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markrush

'48 Chrysler radial tires/rims/ hubs

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I just took off my car's 20 + year-old tires and have a couple questions about which tires/rims came on my '48 Chrysler Windsor. The owner's manual says 7.60 x 15. I know the 15" rims came in two widths, a narrow and a wide. My car has wide rims, but the spare is a narrow rim. That surprised me. It was, as I recall, an old H78 x 15 bias tire.

Question 1) Was this narrow spare original (i.e. an early space saver tire, or maybe done later to get a wider tire into the spare tire well)?

Question 2) I have read old forum posts that refer to going up to an P225 75 R15 to replace the 7.60 x 15 original. Is this for the narrow or the wide rim? My wide rims had P235 75 R15. I never drove them but a few miles locally, so I can't say I put the through much of a test. Should I drop back to the 225's?

Question 3) In my trunk was a hubcap that does not fit my wheels. My hubcaps are 11' across and this hubcap has the same Chrysler script but it is only 10" across. What does that belong to?

Question 4) A local tire shop will powder coat my rims for $28 each which seems like a good deal. Would that interfere with the hubcaps or trim rings? I'm inclined to stay with paint as it is original. Any thoughts?

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Mark,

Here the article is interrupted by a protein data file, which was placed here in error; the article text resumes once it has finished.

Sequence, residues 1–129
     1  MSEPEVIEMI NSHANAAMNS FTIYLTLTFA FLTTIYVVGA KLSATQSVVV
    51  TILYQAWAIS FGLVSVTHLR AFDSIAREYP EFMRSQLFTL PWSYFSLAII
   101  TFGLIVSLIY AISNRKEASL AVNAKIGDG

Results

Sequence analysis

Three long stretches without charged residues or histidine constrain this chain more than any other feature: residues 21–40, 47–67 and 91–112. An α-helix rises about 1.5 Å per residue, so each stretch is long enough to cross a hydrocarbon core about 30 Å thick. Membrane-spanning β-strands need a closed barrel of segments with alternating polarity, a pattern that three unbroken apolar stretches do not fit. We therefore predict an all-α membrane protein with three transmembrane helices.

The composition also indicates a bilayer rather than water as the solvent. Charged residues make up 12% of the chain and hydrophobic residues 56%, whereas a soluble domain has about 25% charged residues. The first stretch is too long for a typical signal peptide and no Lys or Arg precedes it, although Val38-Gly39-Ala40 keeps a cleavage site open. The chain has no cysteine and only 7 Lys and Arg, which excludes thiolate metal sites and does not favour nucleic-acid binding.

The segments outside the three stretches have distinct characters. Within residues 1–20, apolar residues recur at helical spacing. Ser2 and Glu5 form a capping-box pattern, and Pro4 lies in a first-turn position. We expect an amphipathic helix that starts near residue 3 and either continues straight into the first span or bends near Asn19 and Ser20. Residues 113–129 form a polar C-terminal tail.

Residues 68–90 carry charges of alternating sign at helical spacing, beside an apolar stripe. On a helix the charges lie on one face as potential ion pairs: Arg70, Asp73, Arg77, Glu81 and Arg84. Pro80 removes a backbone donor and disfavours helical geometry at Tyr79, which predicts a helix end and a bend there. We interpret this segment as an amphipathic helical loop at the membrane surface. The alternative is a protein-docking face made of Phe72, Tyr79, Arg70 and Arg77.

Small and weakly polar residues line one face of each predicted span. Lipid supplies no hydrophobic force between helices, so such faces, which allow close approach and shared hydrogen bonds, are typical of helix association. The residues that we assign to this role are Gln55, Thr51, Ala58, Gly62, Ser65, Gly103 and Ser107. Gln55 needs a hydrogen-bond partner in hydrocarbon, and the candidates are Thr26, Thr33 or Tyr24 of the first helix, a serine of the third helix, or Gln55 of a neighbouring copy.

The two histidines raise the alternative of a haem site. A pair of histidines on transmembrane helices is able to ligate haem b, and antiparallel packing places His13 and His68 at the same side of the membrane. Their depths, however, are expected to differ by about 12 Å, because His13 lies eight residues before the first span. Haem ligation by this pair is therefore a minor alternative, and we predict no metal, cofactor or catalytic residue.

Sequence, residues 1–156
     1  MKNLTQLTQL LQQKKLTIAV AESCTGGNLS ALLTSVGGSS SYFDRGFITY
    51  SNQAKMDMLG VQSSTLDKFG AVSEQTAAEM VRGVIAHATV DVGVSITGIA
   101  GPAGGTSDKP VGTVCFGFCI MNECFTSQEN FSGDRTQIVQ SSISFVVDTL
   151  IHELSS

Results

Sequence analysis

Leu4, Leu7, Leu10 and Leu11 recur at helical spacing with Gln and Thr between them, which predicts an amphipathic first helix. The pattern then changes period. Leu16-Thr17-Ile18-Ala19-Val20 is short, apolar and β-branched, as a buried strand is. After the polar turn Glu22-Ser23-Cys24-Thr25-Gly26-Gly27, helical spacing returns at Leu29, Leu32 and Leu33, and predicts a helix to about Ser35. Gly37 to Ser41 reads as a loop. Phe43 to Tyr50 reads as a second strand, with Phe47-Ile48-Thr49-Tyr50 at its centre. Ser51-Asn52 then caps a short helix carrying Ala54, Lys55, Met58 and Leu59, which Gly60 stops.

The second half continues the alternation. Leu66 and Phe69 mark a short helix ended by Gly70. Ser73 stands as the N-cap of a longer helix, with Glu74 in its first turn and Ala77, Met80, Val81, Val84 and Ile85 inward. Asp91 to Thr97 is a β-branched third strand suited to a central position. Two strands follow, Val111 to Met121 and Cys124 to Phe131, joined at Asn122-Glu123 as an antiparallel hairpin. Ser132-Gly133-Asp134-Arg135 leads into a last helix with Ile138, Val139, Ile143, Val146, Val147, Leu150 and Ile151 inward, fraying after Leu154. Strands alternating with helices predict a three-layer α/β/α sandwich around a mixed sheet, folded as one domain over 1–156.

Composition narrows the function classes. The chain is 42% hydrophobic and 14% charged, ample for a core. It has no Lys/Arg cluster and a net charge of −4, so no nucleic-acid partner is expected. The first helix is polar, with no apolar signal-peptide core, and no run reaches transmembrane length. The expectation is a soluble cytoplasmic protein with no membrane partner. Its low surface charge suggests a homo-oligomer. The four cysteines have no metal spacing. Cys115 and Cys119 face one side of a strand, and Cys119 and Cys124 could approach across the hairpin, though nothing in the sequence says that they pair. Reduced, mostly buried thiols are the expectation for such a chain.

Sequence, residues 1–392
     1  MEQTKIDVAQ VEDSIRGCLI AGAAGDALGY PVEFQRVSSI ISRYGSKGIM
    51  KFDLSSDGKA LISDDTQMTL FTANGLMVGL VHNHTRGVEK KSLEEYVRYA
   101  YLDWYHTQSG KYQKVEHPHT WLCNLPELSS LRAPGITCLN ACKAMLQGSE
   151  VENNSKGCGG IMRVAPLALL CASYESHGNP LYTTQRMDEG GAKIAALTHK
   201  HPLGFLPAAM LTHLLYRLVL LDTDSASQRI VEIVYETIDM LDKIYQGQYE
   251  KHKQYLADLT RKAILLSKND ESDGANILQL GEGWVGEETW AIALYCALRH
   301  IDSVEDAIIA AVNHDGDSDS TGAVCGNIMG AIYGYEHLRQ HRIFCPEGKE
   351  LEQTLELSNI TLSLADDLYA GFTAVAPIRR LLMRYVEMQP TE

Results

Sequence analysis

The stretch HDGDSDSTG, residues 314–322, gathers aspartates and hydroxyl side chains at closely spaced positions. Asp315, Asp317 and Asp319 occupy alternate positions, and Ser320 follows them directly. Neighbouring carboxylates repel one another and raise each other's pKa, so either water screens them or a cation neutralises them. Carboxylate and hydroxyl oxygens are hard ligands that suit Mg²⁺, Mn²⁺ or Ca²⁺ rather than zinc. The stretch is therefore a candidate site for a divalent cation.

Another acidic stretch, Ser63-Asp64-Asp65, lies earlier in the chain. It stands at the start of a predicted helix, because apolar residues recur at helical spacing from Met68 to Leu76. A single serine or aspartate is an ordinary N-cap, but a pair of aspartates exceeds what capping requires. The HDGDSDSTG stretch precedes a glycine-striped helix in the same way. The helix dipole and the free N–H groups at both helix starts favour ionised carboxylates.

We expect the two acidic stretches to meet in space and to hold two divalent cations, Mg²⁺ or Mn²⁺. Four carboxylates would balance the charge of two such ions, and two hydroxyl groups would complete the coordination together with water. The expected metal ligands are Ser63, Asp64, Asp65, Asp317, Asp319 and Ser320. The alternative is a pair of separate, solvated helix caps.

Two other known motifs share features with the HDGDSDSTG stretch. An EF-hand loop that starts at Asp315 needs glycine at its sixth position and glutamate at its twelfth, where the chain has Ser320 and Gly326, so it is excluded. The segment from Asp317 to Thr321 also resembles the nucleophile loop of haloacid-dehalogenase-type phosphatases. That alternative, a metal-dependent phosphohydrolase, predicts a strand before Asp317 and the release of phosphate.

You don't say if you have a 6 or 8 cylinder engine. My referece material shows the 15 x 5.5 rim was used on the 6's and 15 x 6 rim on the 8's. My guess is

that you have a 6 and the prior owner changed to the larger wheels, but they would not fit in the spare well in the trunk so they kept the original rim for the spare.

Attached is a good tire size conversion chart if you wish to stay with radials. The 75 series tires are the closest to the original size, but still not as tall. Your orginal tire would be about an 85 series in today's tire numbering system. Consider a set of original bias-ply tires. They will look better an give you true to period road feel. You car doesn't have power steering, the steering will be much lighter and be a much easier to drive car with bias-ply 7.60 x 15 tires.

I think your wheels should be body color. Can your tire shop match your paint?

Tire Size Conversion Chart

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I just looked at your prior posts......beautiful car...........keep it original. Correct tires would look outstanding on the car.

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I do have a six cylinder 4 door sedan. So the 7.60 x 15 bias fits the narrow rim? Which bias fits on the wide rims? Shoud I consider looking for a set of narrow wheels? What radials fit the two different rims? My car is original (except a repainting in the original black some years ago) but in good condition. It is not a show car.

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In these years Plymouth used a narrower 15" wheel. I would measure yours first to see what you actually have. The 8's used an 8.20 x 15 tire and the 6's the 7.60 x 15.

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All 5 wheels should be the same width. It appears your spare got lost somewhere along the way and replaced with a narrower Plymouth or Dodge rim. The 225s are a good tire for your car as long as you get the narrowest ones possible, this means the cheapest tires on the market. I use Walmart Marshal 791 tires on my DeSoto, they are the closest in width to original. More expensive name brand tires are more than 2 inches wider in the same nominal size.